Our small business is growing into a medium sized business rather quickly. What was acceptable before (BYOD, honor system, etc) is no longer able to be sustained.

I’ve been at this same company since we had a single Linksys WRT54GS access point with ~40 employees to a 7x Meraki APs (MR18 and MR24’s) with 3 locations and 200+ employees.

Originally we had a standard WPA/TKIP with a pre-shared key (PSK) that was given out to those who needed it. Unfortunately this PSK ended up in the hands of so many people that it was difficult to control. I rolled out an NPS server (Windows RADIUS) to allow only those with domain credentials to connect; this alleviated the issue of having non-employees on the network (for the most part), but individuals quickly realized they could add their iPad/Tablet, phone, and other laptops to the company network.

If that’s OK with you, here’s my NPS configuration (I have this on two different NPS servers for redundancy):
RADIUS Clients

Friendly name: SuiteNumber_DeviceModel
IP Address: The statically assigned IP of the device
Device Manufacturer: RADIUS Standard
NAP-Capable: No (for now)
Status: Enabled

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Connection Request Policies

Policy Name: I picked “Secure Wireless Connections” and Enabled the policy
Conditions: NAS Port Type of Wireless-Other OR Wireless-IEEE802.11
Settings: I left these as the defaults as I wanted the Network Policy to dictate the authentication methods

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Network Policies

Policy Name: I once again picked “Secure Wireless Connections” and enabled the policy
Conditions: NAS Port Type of Wireless-Other OR Wireless-IEEE802.11 / Windows Groups of domain\domain computers and domain\domain users
Since I don’t feel like typing it all out, look at the picture.

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Just point your wireless device(s) to your NPS/RADIUS server IP with the default port and away you go.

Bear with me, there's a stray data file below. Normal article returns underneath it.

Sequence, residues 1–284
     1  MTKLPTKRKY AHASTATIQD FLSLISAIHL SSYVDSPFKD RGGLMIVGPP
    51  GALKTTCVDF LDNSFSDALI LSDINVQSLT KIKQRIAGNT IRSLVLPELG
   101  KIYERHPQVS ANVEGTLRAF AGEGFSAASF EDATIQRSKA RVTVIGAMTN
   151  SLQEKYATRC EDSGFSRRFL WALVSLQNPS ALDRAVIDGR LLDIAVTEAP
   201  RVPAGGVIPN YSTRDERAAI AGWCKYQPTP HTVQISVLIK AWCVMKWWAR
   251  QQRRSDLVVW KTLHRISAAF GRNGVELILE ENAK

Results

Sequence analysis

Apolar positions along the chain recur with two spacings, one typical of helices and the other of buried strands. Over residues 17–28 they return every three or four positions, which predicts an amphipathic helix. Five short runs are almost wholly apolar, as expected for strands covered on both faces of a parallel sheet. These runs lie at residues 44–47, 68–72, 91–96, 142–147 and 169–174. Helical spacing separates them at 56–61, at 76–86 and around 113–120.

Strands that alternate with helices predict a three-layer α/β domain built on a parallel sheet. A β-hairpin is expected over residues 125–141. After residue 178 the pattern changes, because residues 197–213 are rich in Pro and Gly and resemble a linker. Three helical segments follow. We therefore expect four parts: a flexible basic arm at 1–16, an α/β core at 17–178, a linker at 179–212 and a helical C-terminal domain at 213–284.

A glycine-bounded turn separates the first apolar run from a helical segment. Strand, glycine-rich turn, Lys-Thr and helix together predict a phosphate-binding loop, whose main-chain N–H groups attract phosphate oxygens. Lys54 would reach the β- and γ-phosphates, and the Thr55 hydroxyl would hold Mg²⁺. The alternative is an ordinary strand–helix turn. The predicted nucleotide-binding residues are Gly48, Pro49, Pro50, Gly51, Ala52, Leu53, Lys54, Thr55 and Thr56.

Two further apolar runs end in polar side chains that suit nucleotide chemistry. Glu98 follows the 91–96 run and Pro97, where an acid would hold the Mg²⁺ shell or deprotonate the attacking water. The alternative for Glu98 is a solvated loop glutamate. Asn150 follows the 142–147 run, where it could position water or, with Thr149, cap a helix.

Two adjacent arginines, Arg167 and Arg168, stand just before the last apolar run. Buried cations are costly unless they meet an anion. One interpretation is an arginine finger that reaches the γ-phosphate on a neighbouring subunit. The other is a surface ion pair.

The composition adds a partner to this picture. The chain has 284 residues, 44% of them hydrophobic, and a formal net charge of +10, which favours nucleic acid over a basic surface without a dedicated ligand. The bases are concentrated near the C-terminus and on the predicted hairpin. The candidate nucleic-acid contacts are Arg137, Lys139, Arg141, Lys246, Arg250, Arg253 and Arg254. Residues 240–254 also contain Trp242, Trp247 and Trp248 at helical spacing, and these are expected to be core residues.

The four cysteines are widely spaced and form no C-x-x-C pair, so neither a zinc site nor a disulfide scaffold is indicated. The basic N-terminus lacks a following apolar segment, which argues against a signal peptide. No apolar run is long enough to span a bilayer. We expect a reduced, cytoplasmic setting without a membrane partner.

Now to get it with certificate-based security it was a bit more work:

I am assuming that you’re using an on-premise Certificate Authority and that it’s already up and running. In my case we have a 2008R2 CA already published in Active Directory. If it’s not published in AD, you can always have a GPO that pushes the trusted root certificate authority to all domain members.

Anyway, I needed to set it so that every domain joined computer would enroll with a computer certificate against this CA, so I created a GPO called Wireless Settings (I don’t really like adding things to the default domain policy, so I end up creating new).
Under Computer Configuration / Policies / Windows Settings / Security Settings / Public Key Policies / Certificate Services Client – Auto-Enrollment Settings
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From this I verified that computers had the appropriate certificates installed by looking at my MMC:
start, run, MMC
Add Certificates (Computer account) for the local machine
Verify there’s a certificate issued to your computername.yourdomainname.tld from the Certificate Authority with hooks into AD
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Now I finished up my Wireless Settings GPO with some Wireless Network (802.11) Policies. See the picture. Lazy.
The Profile Name will be the one displayed when people search for available wireless networks and, to the end-user, they will be connecting to this access point. You can actually publish multiple SSID’s under this name (I only have the “Linksys47532” name available currently).
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You’d have to run
netsh, wlan, show interfaces
with an administrative command window to actually see the network being connected to.

When I get around to publishing a computer certificate that can be imported on an iPhone, I’ll update this post.